for the support of remedial governmental programs,
required of persons,
groups, or businesses in proportion to past
-- Paul Niquette
The cheapest disposal methods inevitably damage air and water resources. Manufacturers of the products we buy cannot, of their own accord, budget enough to cover all the costs for cleansing or reclaiming factory waste. Any enterprise that does so -- and raises prices accordingly -- will surely lose market-share, revenue, profits, and investors. Polluters are winners.
The environmental legislation of the 1970's may be the only practical way to put competing manufacturers on an equal footing with respect to the economics of waste treatment. The requisite bureaucratic interference has incurred noisy resentment. The administrative costs are not small, but remedial programs are worse. "Superfund" is well named.
The better way to protect the environment would be to use the price mechanism. Let the purchaser of a product pay the full price, including waste treatment, for restoration of throw-away effuvia all the way back to environmentally clean materials. As a result, some alternative technologies may have to be developed -- or rediscovered. When the full price for styrofoam is finally paid, we may find paper cups more economic. Or we'll go back to re-usable ceramic vessels.
Environmental protection costs should be paid by consumers. Are they not the direct beneficiaries of that which is consumed? Better to increase prices for plastics and solvents, for synthetic fabrics and building materials, for fertilizers and insecticides -- better to increase prices than to finance clean-up programs. Preservation is cheaper than restoration.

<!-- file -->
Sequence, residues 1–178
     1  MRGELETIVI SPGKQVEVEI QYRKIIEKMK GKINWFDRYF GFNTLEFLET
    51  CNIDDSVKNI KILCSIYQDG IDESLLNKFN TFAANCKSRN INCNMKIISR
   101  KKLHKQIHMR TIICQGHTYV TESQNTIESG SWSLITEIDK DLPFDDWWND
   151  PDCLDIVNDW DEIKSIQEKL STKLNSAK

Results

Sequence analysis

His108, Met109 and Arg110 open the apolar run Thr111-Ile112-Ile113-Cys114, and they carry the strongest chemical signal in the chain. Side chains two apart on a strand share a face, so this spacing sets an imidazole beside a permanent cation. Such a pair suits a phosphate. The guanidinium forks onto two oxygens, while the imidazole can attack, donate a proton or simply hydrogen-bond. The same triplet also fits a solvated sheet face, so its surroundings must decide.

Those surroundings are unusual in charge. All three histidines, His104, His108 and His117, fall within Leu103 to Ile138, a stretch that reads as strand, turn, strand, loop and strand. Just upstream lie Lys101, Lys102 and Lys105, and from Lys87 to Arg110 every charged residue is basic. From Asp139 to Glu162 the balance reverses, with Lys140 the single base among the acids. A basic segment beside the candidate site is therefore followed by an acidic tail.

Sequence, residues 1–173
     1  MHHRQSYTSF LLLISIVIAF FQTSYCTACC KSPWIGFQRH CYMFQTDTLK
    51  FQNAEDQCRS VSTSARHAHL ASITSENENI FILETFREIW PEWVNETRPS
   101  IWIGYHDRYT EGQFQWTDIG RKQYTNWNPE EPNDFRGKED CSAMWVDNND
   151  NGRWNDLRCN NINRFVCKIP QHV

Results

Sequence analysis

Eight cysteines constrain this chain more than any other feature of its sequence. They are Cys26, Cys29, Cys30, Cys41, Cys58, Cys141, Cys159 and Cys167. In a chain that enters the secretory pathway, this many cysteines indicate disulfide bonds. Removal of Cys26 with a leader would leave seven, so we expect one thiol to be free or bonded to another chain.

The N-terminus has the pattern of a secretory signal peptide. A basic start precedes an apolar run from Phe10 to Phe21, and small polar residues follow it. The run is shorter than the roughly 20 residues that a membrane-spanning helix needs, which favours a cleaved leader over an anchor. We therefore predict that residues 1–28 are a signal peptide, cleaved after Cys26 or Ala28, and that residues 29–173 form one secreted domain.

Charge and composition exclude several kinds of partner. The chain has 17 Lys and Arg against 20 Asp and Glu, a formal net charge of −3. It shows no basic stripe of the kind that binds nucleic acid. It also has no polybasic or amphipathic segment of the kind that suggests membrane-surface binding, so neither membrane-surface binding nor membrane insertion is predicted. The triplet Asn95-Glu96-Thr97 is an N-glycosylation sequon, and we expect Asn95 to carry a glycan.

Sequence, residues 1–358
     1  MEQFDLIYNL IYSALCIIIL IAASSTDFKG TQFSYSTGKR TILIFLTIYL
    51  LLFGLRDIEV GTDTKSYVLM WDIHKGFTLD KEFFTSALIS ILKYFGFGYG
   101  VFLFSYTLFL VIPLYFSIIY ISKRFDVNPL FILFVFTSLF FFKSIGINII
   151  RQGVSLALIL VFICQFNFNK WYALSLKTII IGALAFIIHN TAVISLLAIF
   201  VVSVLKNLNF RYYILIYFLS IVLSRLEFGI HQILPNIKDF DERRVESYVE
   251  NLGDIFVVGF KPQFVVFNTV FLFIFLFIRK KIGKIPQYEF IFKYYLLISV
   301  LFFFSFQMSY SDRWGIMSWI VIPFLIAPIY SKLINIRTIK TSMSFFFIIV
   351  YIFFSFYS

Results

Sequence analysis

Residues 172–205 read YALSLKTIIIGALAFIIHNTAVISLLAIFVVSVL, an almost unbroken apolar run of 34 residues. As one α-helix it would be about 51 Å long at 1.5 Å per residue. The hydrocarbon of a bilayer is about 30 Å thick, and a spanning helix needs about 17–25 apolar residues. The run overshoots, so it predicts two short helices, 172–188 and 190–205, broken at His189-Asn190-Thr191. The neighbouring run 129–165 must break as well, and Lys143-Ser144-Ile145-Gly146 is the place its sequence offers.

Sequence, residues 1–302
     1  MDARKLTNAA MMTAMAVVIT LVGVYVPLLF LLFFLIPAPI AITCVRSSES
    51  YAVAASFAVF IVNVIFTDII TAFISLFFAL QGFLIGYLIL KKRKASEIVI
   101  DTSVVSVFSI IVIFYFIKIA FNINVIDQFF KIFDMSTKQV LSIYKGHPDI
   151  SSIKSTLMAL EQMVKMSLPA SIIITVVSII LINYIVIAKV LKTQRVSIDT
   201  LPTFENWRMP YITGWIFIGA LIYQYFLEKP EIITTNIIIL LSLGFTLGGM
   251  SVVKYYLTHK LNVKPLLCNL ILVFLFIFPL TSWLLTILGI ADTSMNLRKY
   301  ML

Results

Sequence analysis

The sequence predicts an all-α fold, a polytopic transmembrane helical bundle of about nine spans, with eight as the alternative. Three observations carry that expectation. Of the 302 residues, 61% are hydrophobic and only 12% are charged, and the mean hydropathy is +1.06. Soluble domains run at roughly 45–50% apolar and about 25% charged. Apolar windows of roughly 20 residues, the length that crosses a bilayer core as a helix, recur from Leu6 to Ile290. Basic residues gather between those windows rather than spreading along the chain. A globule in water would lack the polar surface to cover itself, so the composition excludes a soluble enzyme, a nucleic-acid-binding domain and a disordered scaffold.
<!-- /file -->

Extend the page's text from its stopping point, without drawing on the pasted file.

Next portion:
Moreover, such a public policy aligns costs and benefits in the same time periods.
Depending on the environmental damage, as we have seen, a clean-up program can be horrendously expensive. Past is prologue -- prologue and poisonous. The main issue in publicly financed clean-up programs is the fact that future generations, who will not directly receive the benefits of the products producing the wastes, get saddled nevertheless with the costs for the treatment of those wastes. That observation gave rise to the original "retrotax" idea for financing the Environmental Trust Fund.
It's not practical, of course. Don't be surprised if you have never heard of retrotaxation. Still, for the theory of it, read on.
oremost, U.S. authorities must create an independent agency -- another one of those, my fellow citizens -- that produces certifiable estimates for the magnitude of each environmental problem and the clean-up costs.
Assigning accountability for past waste disposal practices -- whether to factories or to communities or to individuals -- would be exceptionally difficult. Yet, in order to date the environmental damage the new agency must develop findings as to the historical causes. For polluted rivers and canals that's hard enough; for the atmosphere, forget it.
Finally comes a legislative nightmare: assessment of an environmental surtax requiring a pro-rata computation. Based on the plausible assumption that past benefits were concurrent with expenditures, the policy requires individuals, groups, and businesses to pay retrotax in proportion to their previously reported spending rates during the periods of attributed environmental damage.
New entries to the tax rolls escape this liability, which seems fair enough. Older, established taxpayers and recent retirees get socked, particularly if they made and spent a lot of money during the toxic waste years.
Like all crackpot ideas, mine included, this one is fatally flawed. The intention, naturally, is to have the Environmental Trust Fund pay for the clean-up programs and then go out of business. Retrotax would best be sun-setted. No way.
Lawmakers are bound to see retrotax as a bountiful source of revenue for any number of other governmental programs.